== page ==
When he was 26 and starting out as a boxer in the Philippines, Mr Czar Amonsot received an offer that he thought he could not refuse. He and four other boxers were approached by a Filipino-Australian man and offered flights to Australia and full-time boxing opportunities. When they arrived in Sydney, they discovered that the promise of boxing work and money was a ruse. The five Filipinos were housed in a garage and forced to do manual tasks seven days a week for the man’s extended family. Their passports were kept by the man and they received no pay. “We became slaves at their house,” said Mr Amonsot, now 32. “We didn’t have money. We couldn’t go out. We didn’t know what to do or where to go.” Such cases are sadly unexceptional in Australia, where there are estimated to be more than 4,300 modern slaves, including trafficked and coerced workers.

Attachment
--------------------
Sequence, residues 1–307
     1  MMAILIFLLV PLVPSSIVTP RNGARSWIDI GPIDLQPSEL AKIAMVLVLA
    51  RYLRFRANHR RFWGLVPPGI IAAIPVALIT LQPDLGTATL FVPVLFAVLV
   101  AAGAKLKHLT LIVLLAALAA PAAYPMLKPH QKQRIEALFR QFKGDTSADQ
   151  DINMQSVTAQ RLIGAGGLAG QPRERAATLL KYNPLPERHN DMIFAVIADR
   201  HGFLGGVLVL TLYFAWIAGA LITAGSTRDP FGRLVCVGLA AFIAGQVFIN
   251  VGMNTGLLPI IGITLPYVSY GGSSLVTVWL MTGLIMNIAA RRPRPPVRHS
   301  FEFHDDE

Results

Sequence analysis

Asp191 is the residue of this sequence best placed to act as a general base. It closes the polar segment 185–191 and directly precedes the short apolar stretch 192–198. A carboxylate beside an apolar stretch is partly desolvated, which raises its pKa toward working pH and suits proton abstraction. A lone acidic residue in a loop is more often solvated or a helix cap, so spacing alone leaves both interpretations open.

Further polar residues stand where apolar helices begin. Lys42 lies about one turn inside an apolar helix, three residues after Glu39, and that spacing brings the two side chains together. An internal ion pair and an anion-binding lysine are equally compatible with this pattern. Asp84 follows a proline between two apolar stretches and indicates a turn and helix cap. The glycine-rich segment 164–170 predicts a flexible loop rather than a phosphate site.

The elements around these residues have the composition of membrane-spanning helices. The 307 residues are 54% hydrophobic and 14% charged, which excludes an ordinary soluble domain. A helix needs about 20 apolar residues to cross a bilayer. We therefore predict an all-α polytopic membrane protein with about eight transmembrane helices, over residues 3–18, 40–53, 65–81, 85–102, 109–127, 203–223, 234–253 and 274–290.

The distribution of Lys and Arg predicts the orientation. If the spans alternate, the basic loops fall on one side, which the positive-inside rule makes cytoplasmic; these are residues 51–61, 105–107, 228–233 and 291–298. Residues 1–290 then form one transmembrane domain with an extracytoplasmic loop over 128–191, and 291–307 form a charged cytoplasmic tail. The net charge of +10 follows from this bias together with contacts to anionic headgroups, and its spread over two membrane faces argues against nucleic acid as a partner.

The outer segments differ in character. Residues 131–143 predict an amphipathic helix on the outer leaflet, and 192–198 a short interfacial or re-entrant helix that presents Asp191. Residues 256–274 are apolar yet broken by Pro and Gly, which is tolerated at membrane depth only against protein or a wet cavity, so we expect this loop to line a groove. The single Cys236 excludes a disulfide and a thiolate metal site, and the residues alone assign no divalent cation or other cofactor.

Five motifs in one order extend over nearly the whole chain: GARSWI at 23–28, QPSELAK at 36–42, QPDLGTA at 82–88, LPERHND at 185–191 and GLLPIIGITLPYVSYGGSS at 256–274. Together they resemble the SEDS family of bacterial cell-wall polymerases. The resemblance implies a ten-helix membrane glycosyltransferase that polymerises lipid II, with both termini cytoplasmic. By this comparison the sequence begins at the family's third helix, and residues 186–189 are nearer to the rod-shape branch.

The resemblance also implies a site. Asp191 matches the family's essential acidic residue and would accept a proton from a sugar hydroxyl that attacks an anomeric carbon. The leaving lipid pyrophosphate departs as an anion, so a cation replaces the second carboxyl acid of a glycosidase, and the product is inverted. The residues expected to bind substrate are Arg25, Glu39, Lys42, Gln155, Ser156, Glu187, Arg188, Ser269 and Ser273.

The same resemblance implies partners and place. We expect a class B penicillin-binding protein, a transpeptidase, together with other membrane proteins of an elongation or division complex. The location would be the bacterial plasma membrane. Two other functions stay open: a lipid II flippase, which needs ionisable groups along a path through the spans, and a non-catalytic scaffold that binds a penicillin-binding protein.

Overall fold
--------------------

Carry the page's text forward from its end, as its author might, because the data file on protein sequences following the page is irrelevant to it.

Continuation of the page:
In response, the government has launched a crackdown on modern slavery, including proposed legislation to force companies to produce an annual anti-slavery statement to show that their operations and supply chains are not relying on exploited labour or trafficking.
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